In Rogaway’s piece he writes about his surprise about the youth not really thinking about the morality of the employers/institutions oft he jobs they were looking to apply to.
“I found on a Google search of deciding among job offers, not one suggests
considering the institutional goals of the employer or the social worth of what
they do.” what about the “do no evil” tenet by Google or new AI principles that rolled out, does that count or factor into decision making for prospective applicant engineers? I’m not sure if this is exactly a fair depiction, but what I would say is that many data scientists/engineers lack a foundation of ethics because people are obsessed with having enough data to be statistically significant to “science” or experiment upon in the first place for their jobs. It’s been an after thought, as with privacy and that data collection without parameters outside of biotech or bioethics or tech ethics I’ve found less parameters for a lot of other software B2C or B2B company’s involving data and a virtual identity without a bodily part to examine. He points towards technological optimists vs. pessimists and the optimists focus on context and that not everything in the world of tech should be seen with rose-colored glasses.

“People are often happy to get funding, regardless of its source. But I would
suggest that if a funding agency embraces values inconsistent with your own,
then maybe you shouldn’t take their money. Institutions have values, no less
than men. Perhaps, in the modern era, they even have more.”
So if someone was contracted to help Google with Responsible AI as a woman, would this be something they should decline because of centralization at Google even if there is a desire by leadership (Sundar Pichai) that there should be some form of regulation on AI to some extent?

I’m not sure that this is as black and white of an issue on “no working for any institutions with no values,” it seems polarizing with almost no middle ground for anyone. The suggestion “Think twice, and then again, about accepting military funding,” perhaps people may think twice, but many others may still conform. While there was much buzz about Project Maven and Dragonfly, talking to those involved directly may tell you something different than the news (instead of security, it’s just satellites in space one physicist told me, though from the last article by the New York Times, even scientists and engineers working there are not aware how their products they are developing are really being used potentially for mass surveillance.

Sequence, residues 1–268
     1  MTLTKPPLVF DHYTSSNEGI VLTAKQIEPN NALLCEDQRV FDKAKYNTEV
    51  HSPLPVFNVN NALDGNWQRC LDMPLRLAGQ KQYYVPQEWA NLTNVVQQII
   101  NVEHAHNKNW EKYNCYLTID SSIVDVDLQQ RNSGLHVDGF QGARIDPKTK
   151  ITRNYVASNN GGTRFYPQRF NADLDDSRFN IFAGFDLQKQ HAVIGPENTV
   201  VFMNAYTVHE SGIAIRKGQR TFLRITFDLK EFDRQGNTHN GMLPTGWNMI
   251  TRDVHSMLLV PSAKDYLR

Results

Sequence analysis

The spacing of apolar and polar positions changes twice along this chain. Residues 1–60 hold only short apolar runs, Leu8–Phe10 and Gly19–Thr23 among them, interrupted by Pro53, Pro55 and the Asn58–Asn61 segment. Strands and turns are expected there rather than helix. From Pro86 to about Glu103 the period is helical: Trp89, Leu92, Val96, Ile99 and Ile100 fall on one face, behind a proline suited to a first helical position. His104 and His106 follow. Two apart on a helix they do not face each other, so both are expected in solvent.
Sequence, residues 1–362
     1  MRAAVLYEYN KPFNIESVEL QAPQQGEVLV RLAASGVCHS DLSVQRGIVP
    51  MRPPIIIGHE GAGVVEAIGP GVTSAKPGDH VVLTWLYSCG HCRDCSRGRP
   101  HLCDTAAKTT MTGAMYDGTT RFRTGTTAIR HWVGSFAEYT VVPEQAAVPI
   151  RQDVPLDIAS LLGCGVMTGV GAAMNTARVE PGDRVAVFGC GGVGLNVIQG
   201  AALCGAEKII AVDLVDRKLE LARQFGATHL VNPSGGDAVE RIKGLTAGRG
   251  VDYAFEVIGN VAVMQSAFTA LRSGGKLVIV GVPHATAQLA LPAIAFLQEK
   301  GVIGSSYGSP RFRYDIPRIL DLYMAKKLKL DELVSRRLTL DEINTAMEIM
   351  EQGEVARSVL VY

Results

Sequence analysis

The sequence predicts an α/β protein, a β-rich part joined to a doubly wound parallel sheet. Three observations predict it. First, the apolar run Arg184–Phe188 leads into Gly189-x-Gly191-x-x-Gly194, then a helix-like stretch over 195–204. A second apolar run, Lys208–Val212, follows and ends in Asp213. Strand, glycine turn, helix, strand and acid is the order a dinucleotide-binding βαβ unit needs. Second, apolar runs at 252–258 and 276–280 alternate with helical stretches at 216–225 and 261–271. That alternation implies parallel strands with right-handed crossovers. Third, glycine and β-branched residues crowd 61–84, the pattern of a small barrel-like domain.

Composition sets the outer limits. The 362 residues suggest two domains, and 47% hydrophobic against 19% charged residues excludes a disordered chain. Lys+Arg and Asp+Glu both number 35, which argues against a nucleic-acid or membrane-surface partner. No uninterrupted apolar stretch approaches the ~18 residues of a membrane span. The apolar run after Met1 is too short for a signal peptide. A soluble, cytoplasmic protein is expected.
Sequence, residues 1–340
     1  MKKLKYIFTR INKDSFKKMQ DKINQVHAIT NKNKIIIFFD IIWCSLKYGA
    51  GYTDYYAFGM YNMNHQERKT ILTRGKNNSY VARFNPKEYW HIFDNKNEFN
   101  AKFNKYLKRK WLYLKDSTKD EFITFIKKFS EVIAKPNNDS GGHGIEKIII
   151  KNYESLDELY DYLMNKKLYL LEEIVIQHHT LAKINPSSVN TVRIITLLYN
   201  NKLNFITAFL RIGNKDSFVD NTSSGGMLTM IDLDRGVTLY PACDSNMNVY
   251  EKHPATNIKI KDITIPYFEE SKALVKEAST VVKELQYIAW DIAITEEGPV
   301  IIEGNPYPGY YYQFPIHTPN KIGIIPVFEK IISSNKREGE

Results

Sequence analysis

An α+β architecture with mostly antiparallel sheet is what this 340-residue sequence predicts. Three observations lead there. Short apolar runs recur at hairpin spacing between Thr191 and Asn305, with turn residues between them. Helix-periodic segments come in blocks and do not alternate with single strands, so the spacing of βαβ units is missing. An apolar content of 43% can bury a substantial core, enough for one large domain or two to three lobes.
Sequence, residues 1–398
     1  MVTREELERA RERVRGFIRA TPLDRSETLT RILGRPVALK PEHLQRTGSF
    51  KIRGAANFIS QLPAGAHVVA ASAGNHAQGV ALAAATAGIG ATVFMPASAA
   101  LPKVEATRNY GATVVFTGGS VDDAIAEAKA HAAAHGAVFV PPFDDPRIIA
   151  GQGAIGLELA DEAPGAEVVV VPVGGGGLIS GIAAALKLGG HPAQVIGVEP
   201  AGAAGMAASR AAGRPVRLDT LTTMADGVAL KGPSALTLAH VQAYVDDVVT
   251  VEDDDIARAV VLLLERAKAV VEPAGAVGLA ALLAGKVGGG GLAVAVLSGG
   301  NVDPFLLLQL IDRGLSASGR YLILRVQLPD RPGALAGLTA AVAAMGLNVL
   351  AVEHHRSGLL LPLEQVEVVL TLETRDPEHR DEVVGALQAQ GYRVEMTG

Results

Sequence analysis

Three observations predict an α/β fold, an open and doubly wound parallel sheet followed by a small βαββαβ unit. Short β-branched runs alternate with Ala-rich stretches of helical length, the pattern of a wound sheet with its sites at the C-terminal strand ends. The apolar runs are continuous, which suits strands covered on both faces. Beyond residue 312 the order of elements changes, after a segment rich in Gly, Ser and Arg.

1 Like

I wanted to share some privacy books I was recommended to ready (blockchain community in Berkeley/ZCash privacy webinar), there are others, happy to take a look! Not sure if this should be its own thread…

None of Your Damn Business: Privacy in the United States from the Gilded Age to the Digital Age

Complete opposing book
Don’t Unplug by Chris Dancy - noted as the most connected human alive, was previously homeless and doesn’t believe privacy is a thing


hey! here’s an article talking about the Grindr privacy issues I mentioned in class: https://www.nytimes.com/2019/03/28/us/politics/grindr-china-national-security.html


An additional article which references many examples we’ve already discussed in class but brings everything together in a way I appreciated: https://story.californiasunday.com/facial-recognition